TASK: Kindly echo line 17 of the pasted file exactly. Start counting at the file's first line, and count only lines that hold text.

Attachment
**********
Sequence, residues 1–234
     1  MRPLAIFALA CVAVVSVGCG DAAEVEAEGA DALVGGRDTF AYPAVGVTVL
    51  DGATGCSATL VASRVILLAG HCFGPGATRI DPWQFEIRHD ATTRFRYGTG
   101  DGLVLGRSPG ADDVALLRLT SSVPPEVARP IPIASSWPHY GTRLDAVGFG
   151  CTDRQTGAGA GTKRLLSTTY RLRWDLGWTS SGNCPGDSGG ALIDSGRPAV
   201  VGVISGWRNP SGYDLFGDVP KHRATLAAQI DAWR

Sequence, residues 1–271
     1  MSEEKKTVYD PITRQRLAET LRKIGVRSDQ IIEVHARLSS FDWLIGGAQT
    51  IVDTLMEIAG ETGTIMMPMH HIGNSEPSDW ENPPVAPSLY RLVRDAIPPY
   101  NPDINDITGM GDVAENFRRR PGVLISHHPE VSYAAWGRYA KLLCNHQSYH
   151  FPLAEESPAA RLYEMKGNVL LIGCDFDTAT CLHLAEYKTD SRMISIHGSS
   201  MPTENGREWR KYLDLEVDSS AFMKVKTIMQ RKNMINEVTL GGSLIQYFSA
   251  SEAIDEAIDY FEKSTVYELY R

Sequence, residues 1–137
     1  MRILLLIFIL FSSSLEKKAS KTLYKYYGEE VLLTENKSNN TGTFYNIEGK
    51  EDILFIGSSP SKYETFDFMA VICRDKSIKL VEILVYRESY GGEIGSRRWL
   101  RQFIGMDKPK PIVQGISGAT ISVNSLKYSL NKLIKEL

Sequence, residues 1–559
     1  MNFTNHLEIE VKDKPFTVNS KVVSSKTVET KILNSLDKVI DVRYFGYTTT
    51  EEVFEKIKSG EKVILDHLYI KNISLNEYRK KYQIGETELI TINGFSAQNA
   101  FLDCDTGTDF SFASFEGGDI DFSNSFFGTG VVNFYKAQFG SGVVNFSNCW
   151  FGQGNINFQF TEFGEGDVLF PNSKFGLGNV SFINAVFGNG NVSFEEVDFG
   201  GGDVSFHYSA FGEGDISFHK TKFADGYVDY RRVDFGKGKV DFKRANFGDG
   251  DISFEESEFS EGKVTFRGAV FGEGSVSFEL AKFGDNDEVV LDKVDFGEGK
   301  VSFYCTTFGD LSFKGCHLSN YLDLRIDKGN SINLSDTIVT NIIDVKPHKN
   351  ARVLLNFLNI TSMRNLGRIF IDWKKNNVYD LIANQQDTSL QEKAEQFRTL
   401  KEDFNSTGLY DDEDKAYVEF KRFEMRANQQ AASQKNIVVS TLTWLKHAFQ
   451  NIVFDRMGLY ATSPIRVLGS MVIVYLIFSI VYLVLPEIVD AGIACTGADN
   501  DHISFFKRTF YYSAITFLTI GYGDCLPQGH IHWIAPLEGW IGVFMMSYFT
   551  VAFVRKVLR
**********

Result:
   101  RQFIGMDKPK PIVQGISGAT ISVNSLKYSL NKLIKEL